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Prelim History Notes

Topic 1: Palmyra
Palmyran Infrastructure
Temple of Bel
 Founded in 32 AD, one of the best preserved until destroyed by ISIS in 2015
 Temple consecrated to the Mesopotamian god Bel, shows shifts in religious ideals
 Temple shows similarities of ancient Greco-Roman architecture
 One of the biggest temples and was the centre of religious life in Palmyran society
 Also showed that Palmyra was very much in architectural lingua franca with Rome
The Agora
 Designated area where free-born citizens could gather to hear civic announcements,
muster for military campaigns or discuss politics
 Later the Agora defined the open-air, often tented, marketplace of a city where
merchants had their shops and where craftsmen made and sold their wares.
 Based on the Roman and Greek Agora’s (Agora of Athens and The Forum)
Tariff Court
 Southeast of the Agora where caravans would paid their taxes due to the city
 Inscriptions of the taxes can be found on the walls
 The law regulated the tariffs paid by the merchants for each commodity sold at the
marketplace or exported from the city
Importance of Palmyra
 It was situated midway between the fertile zones surrounding the Euphrates River
and the Mediterranean and separated from the great coastal Syrian cities by desert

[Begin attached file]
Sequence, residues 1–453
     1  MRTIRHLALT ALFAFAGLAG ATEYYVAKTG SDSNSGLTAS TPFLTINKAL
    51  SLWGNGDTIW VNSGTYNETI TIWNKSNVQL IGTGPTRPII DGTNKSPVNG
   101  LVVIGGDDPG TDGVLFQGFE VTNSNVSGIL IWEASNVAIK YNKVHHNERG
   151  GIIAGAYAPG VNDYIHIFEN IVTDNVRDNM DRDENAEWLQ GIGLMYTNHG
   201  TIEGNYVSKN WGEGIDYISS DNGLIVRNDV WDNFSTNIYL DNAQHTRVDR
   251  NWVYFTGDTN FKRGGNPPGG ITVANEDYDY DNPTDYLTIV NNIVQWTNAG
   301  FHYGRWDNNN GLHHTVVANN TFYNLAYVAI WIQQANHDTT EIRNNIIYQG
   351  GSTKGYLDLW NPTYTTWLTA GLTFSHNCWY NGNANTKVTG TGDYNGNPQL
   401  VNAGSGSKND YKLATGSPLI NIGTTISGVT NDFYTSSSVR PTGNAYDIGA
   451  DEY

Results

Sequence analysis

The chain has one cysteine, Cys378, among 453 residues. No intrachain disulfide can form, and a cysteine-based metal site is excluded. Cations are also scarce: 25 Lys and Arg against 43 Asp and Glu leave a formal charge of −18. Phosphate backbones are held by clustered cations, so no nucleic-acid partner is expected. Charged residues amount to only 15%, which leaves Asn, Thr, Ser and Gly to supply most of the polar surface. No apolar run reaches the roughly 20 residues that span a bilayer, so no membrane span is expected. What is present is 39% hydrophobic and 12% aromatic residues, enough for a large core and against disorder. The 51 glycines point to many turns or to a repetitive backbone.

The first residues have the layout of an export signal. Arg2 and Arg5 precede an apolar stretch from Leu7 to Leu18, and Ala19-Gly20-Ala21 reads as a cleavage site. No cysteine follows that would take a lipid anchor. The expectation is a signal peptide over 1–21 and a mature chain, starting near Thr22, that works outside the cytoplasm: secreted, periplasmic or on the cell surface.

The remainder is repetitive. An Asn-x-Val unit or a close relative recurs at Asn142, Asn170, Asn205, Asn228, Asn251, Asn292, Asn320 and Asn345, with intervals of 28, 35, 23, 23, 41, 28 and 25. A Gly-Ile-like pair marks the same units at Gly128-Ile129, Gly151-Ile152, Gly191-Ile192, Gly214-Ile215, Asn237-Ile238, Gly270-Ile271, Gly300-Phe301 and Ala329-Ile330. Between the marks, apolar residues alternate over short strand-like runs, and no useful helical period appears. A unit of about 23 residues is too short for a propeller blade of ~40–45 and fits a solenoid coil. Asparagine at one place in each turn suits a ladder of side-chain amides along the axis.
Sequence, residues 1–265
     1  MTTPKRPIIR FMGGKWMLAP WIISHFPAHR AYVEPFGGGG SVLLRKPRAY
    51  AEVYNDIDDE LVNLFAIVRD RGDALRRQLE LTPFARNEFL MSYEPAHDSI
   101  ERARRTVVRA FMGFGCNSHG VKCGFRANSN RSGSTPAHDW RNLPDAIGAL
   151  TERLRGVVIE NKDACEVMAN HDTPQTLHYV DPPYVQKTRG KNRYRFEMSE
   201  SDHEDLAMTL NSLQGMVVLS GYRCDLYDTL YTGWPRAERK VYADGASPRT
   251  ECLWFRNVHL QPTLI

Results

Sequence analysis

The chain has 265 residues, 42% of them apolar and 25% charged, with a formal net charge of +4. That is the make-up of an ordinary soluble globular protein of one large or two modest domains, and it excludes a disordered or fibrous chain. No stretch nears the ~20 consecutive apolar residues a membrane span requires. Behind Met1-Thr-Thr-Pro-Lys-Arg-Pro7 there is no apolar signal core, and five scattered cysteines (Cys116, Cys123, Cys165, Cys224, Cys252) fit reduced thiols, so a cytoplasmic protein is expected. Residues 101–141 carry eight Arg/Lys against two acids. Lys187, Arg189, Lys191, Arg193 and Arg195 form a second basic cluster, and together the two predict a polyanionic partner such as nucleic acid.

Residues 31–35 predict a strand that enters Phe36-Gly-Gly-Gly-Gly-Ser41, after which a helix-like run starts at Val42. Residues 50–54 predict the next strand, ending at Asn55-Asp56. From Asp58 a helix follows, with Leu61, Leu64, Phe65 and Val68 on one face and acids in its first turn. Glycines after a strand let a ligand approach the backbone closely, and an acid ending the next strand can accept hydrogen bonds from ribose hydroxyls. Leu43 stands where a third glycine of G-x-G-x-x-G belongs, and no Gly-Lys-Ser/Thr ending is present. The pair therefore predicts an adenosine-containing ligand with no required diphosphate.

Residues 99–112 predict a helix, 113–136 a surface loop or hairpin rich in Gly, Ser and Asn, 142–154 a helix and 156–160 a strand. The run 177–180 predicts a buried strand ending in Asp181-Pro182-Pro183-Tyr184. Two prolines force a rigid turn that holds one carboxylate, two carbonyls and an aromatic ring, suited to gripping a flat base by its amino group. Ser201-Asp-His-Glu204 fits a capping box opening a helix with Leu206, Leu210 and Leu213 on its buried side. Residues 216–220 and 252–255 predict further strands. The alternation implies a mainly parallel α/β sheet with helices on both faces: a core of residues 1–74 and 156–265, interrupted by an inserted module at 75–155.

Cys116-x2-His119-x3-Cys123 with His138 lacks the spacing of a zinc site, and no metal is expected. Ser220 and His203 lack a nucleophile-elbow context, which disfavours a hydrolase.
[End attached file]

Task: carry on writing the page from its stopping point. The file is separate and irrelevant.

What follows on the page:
o Allowed Palmyra to keep a certain amount of political independence
 It held a strategic position on the two most important trade routes in the ancient
world, connecting the Chinese, Indian, Persian and Roman empires
 It sat between the two great empires of Rome and Parthia and was directly affected
politically, culturally and economically by both.
 A sea route (Spice Route) gave Palmyra access to India, Babylon and the Euphrates
Silk Road
 The particular route taken by traders to travel through the middle-east
 Goods such as silk, such as textiles, spices, grain, animal hides, woodwork,
metalwork, religious objects, art work and precious stones were carried
 Hazards along the Silk Road included:
o The terrain: high mountain ranges which contained deserts and rivers
o Unscrupulous rulers exacting heavy tribute on the route up the Euphrates
o Desert bandits, hunger and exhaustion
 Palmyra benefitted from these problems on the silk road as it provided a sanctuary
 This resulted in more travellers coming through Palmyra and having to pay taxes